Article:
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April 1958

Gallstone Ileus in the Absence of Biliary Fistula

Author Affiliations

Los Angeles
From the Department of Surgery, University of California Medical Center.

AMA Arch Surg. 1958;76(4):530-535. doi:10.1001/archsurg.1958.01280220050010

One of the more uncommon causes of acute intestinal obstruction is impaction of a gallstone in the intestinal lumen. Almost without exception, this is the result of a spontaneous internal biliary fistula, occurring most frequently between the gallbladder and the duodenum. A gallstone ileus, in the absence of a previous communication between intestine and biliary tree, is, however, a rare occurrence; only two such cases have been discovered in the literature. The site of formation of the stone in one of these cases was a duodenal diverticulum1 and in the other a blind duodenal stump following subtotal gastrectomy.2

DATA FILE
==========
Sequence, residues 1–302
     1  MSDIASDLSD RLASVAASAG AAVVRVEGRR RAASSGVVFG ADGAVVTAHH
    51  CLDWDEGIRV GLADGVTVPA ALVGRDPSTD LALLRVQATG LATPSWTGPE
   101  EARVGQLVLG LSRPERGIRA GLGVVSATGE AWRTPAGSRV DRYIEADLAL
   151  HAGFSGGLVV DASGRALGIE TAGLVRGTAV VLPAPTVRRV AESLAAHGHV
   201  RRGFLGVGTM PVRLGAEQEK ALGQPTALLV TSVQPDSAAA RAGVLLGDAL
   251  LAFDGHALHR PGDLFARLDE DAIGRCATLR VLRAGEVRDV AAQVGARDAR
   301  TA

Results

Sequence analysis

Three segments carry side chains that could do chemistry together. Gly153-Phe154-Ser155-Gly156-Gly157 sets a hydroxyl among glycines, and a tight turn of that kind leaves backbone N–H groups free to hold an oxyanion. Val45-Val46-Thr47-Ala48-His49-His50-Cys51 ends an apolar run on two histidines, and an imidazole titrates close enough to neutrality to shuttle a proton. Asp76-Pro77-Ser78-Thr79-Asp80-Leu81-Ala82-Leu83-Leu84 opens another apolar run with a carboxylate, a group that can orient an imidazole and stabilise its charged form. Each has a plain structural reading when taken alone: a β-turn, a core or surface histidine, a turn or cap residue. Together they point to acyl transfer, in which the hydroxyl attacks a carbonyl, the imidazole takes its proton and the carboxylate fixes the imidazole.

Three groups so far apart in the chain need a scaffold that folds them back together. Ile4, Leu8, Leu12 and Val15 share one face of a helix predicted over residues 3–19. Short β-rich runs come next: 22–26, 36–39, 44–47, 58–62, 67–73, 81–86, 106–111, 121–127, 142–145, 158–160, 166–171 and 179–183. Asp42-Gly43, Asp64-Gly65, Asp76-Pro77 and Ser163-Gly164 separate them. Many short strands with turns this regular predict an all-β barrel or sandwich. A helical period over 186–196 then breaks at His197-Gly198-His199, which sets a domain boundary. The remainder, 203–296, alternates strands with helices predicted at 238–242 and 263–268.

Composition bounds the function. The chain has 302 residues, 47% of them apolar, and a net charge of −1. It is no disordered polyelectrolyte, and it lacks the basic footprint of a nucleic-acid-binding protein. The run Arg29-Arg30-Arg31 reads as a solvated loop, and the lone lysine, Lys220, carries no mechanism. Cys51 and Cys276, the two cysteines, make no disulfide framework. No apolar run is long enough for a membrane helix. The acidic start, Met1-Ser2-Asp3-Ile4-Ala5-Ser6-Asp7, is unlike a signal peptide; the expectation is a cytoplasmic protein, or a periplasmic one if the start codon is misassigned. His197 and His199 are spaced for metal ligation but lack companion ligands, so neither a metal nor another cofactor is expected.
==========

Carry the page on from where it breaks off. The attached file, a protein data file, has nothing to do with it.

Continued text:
It is the purpose of this report to review briefly the problem of gallstone obstruction of the intestinal tract and to present a third case of acute intestinal obstruction resulting from impaction of a large gallstone in the terminal ileum in the absence of a previous biliary-tract fistula.

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